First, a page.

Creative Thinking for Uni Students

As a student, it is sometimes (ok, often) difficult to come up with fresh and creative ideas—especially when we are flooded with project and assignment deadlines.  So when I heard about a presentation called the Dean’s Lecture Series on Creative Thinking, I was eager to learn some tips for allowing those creative and innovative juices start to flow.  And although I won’t give it all away, here are the top 3 lessons I learned from Dr. Gerrard Puccio’s presentation:

Learn to separate divergent and convergent thinking 


It will be hard to break from the way we’ve been thinking, but when we learn to stop analyzing and editing our work before we even get the ideas out, we’ll see better results!

Divergent thinking involves thinking differently, originally, and making associations and connections across different industries. Convergent thinking is analyzing and evaluating those ideas, and thinking more realistically and practically.  Dr. Puccio noted that flipping between the two forms of thought is like trying to drive a car while having your foot on the brake.  If we want to be more effective, we need to suspend our judgements by first getting all our ideas out, and then evaluating them (not gonna’ lie, this made me want to watch the movie, Divergent).

Start projects early


When you start early, you usually finish early. And when you realize you have time to watch a whole season of your fav show on Netflix you’ll be like

Unfortunately, the concept that the best ideas occur when we are under pressure is untrue (for the most part).  Therefore, when we have deadlines, it is best to start projects early, so we can incorporate enough “idea time”.  That way, if our brilliant idea doesn’t come to us immediately, we won’t be stressing as much!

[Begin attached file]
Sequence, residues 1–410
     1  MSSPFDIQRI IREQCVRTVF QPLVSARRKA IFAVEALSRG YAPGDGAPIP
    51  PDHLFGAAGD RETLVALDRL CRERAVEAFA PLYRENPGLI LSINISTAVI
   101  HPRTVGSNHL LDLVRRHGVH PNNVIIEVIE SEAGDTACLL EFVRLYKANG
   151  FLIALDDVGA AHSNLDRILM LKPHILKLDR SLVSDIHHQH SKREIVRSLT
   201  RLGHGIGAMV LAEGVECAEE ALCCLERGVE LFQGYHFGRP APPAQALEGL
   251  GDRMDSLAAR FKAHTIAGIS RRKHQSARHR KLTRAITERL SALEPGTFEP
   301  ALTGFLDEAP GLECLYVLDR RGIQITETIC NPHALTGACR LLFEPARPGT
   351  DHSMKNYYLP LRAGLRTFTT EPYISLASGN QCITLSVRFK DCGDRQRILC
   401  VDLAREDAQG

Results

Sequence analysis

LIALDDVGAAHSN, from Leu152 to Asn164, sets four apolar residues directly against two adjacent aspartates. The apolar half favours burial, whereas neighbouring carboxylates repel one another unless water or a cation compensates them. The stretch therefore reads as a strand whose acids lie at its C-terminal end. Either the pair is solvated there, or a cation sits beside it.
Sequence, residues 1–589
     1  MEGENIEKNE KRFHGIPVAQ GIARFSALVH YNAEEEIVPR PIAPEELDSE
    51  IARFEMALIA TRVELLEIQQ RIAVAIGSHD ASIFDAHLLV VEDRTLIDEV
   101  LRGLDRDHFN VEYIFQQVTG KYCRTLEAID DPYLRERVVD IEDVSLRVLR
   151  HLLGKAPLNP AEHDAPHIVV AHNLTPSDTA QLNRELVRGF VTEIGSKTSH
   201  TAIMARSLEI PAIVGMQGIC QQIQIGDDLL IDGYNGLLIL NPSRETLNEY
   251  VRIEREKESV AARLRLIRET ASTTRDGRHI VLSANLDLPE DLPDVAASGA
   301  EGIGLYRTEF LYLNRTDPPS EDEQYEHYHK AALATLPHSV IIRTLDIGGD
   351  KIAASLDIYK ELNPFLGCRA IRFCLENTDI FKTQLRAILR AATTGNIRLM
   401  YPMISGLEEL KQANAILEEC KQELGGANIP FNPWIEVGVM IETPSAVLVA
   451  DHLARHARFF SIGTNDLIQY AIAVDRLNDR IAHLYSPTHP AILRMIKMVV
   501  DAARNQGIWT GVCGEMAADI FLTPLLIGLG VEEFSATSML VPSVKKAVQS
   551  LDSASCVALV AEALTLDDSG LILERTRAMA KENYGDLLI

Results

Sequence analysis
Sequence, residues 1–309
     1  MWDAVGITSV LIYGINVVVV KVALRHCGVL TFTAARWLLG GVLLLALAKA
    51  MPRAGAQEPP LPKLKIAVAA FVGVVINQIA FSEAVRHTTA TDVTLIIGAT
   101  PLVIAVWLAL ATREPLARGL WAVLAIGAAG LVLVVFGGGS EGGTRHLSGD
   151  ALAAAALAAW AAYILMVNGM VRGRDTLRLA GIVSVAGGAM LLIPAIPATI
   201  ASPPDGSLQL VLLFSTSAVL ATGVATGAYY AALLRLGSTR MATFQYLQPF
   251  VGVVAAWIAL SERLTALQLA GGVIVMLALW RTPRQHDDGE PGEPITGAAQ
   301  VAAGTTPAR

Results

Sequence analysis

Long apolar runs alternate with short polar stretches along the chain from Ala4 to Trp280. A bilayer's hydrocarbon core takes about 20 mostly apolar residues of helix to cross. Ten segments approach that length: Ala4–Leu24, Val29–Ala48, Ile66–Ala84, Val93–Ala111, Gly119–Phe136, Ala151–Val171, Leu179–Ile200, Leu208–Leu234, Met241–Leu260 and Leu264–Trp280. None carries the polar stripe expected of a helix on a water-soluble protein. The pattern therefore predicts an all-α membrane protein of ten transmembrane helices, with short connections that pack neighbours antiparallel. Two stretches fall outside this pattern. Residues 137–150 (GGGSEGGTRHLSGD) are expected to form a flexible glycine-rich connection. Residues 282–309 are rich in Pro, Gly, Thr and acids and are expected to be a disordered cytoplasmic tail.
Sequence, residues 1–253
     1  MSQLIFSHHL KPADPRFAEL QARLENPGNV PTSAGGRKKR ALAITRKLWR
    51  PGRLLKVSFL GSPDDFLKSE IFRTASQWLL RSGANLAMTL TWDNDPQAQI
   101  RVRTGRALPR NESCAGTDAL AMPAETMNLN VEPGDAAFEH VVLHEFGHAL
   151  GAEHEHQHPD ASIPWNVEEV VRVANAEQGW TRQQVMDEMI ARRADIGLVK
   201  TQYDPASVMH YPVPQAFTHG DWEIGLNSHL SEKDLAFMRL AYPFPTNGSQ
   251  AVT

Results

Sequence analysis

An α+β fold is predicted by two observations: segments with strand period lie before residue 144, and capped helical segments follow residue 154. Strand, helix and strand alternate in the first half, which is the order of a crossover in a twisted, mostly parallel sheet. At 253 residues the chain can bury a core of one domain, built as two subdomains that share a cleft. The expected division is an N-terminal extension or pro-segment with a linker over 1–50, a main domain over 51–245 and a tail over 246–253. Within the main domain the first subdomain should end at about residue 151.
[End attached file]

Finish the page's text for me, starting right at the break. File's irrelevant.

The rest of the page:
Quantity is key

Apparently, Ernest Hemingway wrote, like, 47 different endings to one of his novels, but ain’t nobody got time fo’ dat. However, brainstorming and getting as many different ideas on paper, can be very beneficial.

When generating ideas, writing down as many things that come to our mind is very helpful, because the first set of ideas are usually things we’ve already seen or heard of.  It’s in getting to the second and third sets of brainstorming, that we really start channeling our original thoughts, and creating novelty.


So here are three tips to consider when attempting to foster more creative thinking.  I didn’t take advantage of all the presentations and seminars offered to students last year, but after such a useful and engaging lecture, I’m excited to see what other lessons I can learn from the pros Ryerson invites on campus.

How do you get your creative juices flowin’?!


Check out for info on Dr. Puccio’s school and for more creativity resources! Good Luck with your creative endeavors!




Related Posts